Japan's Hayabusa2 probe has touched down on the far-off Ryugu asteroid, returning to the rock's surface to collect more samples on a mission to learn about the birth of the solar system 4.6 billion years ago.
If the second collection is successful, Hayabusa 2 will have far surpassed its predecessor, but it still faces the hard task of returning to Earth in as intact a condition as possible.
The Japan Aerospace Exploration Agency (JAXA) said it has confirmed data showing Hayabusa2 touched down and rose safely after collecting the samples as planned.
The asteroid is about 250 million kilometers away from Earth and the successful mission is said to be of considerable scientific and strategic significance.
The second landing near that crater is meant to collect what JAXA hopes are the world's first underground samples from an asteroid.
"This is the second touchdown, but doing a touchdown is a challenge whether it's the first or the second", Yuichi Tsuda, Hayabusa2 project manager, said during a press conference.
The Hayabusa2 mission has attracted global attention, with Queen guitarist and astrophysicist Brian May sending a video to the probe's team ahead of the landing.
Thursday's mission was to land inside that crater to collect scattered samples that scientists believe contain more valuable clues to the origin of the solar system.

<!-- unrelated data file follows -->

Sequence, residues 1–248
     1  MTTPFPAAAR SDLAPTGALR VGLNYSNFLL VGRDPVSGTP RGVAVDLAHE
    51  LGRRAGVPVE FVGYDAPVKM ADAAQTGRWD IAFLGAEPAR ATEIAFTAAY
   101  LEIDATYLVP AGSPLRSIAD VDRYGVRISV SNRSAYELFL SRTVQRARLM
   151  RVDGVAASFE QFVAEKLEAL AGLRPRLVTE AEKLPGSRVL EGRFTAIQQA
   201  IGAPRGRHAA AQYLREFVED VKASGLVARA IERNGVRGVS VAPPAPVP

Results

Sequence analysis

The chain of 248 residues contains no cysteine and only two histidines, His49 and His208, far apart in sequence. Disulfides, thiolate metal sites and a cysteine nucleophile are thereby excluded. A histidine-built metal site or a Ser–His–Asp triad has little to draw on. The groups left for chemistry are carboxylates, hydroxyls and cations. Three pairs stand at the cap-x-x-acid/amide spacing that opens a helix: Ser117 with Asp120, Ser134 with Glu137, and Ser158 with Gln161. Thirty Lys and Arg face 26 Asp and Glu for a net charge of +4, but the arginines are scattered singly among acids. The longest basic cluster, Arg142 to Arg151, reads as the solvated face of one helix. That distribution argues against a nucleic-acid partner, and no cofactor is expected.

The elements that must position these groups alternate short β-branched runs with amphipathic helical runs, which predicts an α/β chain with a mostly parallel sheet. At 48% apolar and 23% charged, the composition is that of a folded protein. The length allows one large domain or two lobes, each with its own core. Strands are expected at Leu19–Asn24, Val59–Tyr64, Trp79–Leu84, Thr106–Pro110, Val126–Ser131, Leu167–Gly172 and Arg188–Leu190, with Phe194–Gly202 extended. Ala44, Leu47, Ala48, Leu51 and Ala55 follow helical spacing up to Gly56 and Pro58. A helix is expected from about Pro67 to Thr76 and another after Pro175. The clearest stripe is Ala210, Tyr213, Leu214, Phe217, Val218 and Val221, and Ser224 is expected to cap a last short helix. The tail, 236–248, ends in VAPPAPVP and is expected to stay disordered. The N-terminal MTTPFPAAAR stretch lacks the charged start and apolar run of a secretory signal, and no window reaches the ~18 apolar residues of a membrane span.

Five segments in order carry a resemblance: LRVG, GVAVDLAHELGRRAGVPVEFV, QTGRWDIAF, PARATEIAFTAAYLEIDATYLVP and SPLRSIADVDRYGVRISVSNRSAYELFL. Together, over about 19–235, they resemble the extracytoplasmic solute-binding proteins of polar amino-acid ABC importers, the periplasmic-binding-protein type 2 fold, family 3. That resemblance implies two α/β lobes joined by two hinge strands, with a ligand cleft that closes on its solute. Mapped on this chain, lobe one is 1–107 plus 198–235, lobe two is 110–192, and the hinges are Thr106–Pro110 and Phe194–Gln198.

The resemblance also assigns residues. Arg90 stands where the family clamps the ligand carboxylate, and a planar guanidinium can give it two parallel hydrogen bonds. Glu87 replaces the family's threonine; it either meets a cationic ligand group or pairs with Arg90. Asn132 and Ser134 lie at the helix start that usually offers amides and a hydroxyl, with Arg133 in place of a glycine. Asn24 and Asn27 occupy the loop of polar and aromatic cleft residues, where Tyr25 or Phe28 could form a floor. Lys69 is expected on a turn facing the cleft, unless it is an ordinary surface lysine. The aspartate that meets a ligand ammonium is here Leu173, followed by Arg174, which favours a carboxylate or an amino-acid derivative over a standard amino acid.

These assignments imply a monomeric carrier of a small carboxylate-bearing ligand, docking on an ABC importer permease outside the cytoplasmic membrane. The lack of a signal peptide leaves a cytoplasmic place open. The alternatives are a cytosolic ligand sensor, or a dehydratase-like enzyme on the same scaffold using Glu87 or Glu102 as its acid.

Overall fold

Hayabusa2 had created itself a landing crater in April by dropping a copper impactor.
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Asteroids are rocky remnants left over from the formation of the solar system.
As it takes 14 minutes to transmit information between Earth and the probe, raising the possibility the control room could be too late to intervene if a problem arises, Hayabusa2 operated autonomously once it reached 30 meters above the surface.
The spacecraft had started its gradual descent from its home location Wednesday. They were confident that a second landing could be pulled off.
Plans call for Hayabusa 2 to leave Ryugu by the end of this year and return to Earth toward the end of 2020.
"It would be safe to say that extremely attractive materials are near the crater", Tsuda said before the landing.
John Bridges, a professor of planetary science at the UK's University of Leicester, told CNN that the Hayabusa 2 mission is interesting because of Ryugu's C-class status.
"It is extremely significant to be able to compare soil on the surface and from underground", Watanabe said.